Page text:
• Entering the Aurina Valley.

 

We took a day off from hiking to visit the popular ski town of Cortina d’Ampezzo.  Cortina hosted the Olympics in 1956, and will again in 2026 when they co-host the event with Milan.  Cortina is a popular destination for the Italian jet-set crowd, similar to Aspen in the USA.  We arrived one week after all the ski lifts closed for the season, and before they re-open for the summer hiking season, but we knew all that and primarily came to have a look at the town.  Pretty much everything was closed but we managed to find a lovely restaurant for lunch and after visiting the tourist office realized we could drive a short distance and hopefully get a view of the infamous Tre Cime mountains, which we had yet to see.

  • Cortina.

 

After looking around Cortina we drove higher into the mountains to Lago di Misurina and we actually got a view of the Tre Cime mountain, in between the clouds rolling by.  I am disappointed that we could not hike this famous trail but maybe next time!  The views across the lake were spectacular and once again, reminded us of some equally spectacular locations not far from our hometown at the base of the Rocky Mountains in Alberta.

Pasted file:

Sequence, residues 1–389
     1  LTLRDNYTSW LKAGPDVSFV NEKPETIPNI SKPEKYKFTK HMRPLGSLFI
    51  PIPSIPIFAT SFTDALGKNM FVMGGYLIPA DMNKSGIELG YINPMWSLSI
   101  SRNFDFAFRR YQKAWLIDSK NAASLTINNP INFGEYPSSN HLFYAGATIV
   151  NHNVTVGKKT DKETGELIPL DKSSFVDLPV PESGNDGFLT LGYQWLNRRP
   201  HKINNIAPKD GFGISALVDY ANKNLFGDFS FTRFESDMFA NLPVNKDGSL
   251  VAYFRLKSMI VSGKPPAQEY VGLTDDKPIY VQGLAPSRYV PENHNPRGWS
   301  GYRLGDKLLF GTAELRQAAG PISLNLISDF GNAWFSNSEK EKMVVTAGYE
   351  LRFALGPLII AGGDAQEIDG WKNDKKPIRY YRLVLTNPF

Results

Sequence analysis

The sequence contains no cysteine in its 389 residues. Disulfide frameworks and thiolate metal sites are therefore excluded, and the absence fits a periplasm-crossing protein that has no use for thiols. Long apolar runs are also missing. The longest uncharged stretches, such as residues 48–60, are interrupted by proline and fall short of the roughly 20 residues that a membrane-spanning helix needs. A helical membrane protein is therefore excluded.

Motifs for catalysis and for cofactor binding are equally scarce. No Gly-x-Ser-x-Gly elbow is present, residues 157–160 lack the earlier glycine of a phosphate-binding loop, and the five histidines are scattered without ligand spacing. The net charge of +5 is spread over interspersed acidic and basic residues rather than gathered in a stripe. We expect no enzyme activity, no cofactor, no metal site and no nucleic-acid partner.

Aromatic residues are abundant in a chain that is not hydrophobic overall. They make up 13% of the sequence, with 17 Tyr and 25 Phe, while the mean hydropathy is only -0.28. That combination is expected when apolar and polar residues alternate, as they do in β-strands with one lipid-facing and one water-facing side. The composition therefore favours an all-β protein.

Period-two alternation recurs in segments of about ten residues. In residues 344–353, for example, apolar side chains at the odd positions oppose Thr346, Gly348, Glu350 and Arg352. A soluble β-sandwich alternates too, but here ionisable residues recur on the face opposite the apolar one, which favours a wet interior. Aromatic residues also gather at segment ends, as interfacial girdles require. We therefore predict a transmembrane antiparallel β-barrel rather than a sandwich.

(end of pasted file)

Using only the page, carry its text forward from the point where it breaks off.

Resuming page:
• Tre Cime, the most famous mountain in the Dolomites.

 

On our final day here we hiked around Lake Anterselva/Antholzer See, the third largest mountain lake in Southern Tyrol.  Close to the lake is the biathlon center of Anterselva, a well-known biathlon training and competition facility.  The hike around Lake Anterselva is a relatively flat 5km walk with gorgeous views.  There was still a little snow and ice along the shady sections of the trail but overall it is an easy hike.

  • Nice boardwalk to begin the trail.

 

Despite the weather forecast calling for rain every day, we were lucky to only have cloudy days with very light misty rain occasionally.  Cloudy days still made for fantastic views during all our walks/hikes and we would love to come back here again when the snow has melted and we could do some of the higher hikes.  This is a fabulous area if you are interested in hiking, especially hut-to-hut multi-day hikes.  Our 5 days here flew by, but we are off to another small town not far away…..

 

 

One thought on “Brunico, a small town in the Dolomites

  • June 9, 2022 at 10:52 am
    Permalink

    All beautiful. Yes it looks like home. Deb

    Reply